So, while I understand the thought that small time operators with no budget are maybe not doing things exactly right. I, for one, am doing it the only way I can.... for now. Until I am the biggest, best, most well equipped snow contractor in the county.

  6. Tarkus

    Tarkus PlowSite.com Addict
    Messages: 1,113

    A smart bussiness man also takes good care of his equipment and does not buy new all the time which increases his overhead and costs. A 10 or 20 K dollar truck will push snow just as good as a 40k one if bought and maintained wisely.
  7. Bolts Indus.

    Bolts Indus. PlowSite.com Addict
    Messages: 1,176


    That is the attitude that is required. Face your problems as they come, but the point is, spend a little on repairs and you will avoid the loss of revenues which you need to grow and customers.
  8. grotecguy

    grotecguy Senior Member
    Messages: 148

    Nice posts here guys.

    Glenspot I commend you on your attitude and business philosophy, i am in the same boat.

    But as Bolts stated, "spend a little on repairs and you will avoid the loss of revenues which you need to grow and customers."

    This is so true. We who plow for money are in the customer service industry. How can someone plow on a "wing and a prayer" or less budget??

    I have a small operating budget. I have 2 dedicated plow trucks that I have less than $10,000.00 in. They may not be pretty but they are 100%. I don't have to worry about the slipping tranny or the questionable pump. I spend part of the summer and all of the fall doing my repairs and maintenance. I am ready to go before the first snow.

    There are a lot of posts where the plows haven't even been bought yet. I don't think mid December is a good time to think about buying a plow.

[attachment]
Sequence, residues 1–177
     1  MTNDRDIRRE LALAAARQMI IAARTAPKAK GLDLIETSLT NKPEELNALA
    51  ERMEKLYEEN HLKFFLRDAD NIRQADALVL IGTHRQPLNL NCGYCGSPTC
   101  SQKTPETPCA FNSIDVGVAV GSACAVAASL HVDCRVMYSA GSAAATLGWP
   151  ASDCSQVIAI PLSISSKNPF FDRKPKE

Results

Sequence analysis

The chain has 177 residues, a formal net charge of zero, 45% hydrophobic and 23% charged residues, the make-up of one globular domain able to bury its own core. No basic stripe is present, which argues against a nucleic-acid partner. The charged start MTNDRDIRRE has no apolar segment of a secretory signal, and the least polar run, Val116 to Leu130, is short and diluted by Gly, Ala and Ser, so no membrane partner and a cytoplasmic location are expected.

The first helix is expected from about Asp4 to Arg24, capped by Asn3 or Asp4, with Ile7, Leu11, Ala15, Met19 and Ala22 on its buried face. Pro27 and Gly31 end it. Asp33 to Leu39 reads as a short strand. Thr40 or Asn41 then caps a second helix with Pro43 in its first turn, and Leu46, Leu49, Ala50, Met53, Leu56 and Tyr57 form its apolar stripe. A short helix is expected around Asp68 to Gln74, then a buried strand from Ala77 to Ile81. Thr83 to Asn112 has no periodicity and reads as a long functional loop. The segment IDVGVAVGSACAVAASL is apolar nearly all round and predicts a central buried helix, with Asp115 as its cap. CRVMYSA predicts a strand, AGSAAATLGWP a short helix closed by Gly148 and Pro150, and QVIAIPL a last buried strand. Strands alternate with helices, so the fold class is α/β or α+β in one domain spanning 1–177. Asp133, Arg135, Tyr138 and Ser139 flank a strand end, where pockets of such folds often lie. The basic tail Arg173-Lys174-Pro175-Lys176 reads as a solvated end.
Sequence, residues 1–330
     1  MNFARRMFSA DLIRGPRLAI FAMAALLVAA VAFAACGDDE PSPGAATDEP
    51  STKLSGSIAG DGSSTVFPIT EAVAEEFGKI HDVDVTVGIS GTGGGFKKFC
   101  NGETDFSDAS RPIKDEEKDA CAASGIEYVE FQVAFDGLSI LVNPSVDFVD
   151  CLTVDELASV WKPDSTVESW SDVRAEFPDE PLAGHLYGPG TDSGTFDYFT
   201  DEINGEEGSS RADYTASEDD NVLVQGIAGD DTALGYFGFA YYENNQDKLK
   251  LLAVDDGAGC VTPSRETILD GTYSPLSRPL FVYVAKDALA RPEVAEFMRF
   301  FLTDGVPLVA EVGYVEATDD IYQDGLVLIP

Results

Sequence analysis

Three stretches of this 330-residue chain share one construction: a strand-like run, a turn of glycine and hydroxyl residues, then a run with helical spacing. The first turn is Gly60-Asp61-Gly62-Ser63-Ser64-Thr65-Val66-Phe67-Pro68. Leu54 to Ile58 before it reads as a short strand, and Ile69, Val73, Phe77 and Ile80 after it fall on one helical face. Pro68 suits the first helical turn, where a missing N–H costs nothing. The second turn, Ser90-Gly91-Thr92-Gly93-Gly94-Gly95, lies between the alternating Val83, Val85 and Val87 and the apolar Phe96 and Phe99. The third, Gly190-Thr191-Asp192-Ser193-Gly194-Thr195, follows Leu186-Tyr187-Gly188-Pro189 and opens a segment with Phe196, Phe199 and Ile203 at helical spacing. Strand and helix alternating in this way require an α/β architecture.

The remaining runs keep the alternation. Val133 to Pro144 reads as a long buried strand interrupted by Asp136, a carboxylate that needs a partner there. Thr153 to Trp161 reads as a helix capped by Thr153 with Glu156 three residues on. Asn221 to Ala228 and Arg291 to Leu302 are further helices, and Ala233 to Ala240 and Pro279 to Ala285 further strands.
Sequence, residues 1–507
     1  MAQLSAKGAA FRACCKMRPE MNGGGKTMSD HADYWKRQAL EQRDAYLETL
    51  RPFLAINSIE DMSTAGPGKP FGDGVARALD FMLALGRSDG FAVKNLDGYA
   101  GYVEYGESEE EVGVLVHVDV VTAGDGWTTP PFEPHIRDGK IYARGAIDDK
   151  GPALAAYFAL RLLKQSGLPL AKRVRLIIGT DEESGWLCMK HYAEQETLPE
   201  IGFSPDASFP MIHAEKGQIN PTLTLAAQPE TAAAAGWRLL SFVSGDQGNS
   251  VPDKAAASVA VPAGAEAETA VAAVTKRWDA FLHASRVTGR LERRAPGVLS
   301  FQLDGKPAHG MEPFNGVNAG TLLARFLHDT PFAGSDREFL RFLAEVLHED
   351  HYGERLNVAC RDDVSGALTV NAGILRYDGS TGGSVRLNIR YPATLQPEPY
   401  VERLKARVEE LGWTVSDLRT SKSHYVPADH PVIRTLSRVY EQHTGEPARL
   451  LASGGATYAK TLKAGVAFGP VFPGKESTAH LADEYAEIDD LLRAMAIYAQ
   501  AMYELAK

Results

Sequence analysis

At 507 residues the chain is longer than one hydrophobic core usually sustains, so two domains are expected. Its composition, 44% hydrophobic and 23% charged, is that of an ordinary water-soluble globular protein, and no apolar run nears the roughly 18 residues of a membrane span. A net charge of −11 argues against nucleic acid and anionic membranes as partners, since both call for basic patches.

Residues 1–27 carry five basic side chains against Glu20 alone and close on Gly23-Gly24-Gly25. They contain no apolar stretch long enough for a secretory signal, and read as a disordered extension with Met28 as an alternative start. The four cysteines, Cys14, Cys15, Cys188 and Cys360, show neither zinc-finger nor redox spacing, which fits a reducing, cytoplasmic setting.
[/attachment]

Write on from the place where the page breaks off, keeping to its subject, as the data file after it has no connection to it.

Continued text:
I guess what I am trying to say is...If a somewhat major breakdown is going to put you out of business, you really need to rethink your business situation.

    Once again, let me say I am not picking on anyone.
    This is just an observation I have made in the last few weeks.
    Mark K
  9. Big Nate's Plowing

    Big Nate's Plowing PlowSite.com Addict
    Messages: 1,266

    well you have to remember that no-matter how much preventive maintenance you do some things just plain wear out.if something breaks I go to my new shop and grab whatever I need off the wall and go, but having that convenience is at a price

    I have to agree with you all though, my winter buget for snowplowing is $2500, I figure thats about what I have to make before I turn a profit.... some on here will say "damn thats alot of $$ to have wrapped up in a season that could go bust easily" think about this, when I started ordering Rubber Stock, Rubber Edge Material, Plow Pumps & plow parts back in june I had no clue how this season was going to unfold, I am happy to say that my $22,000 investment has made double it's money back so far this season.

    overall it is a big crapshoot with 21 sided dice :rolleyes:
    Last edited: Dec 8, 2004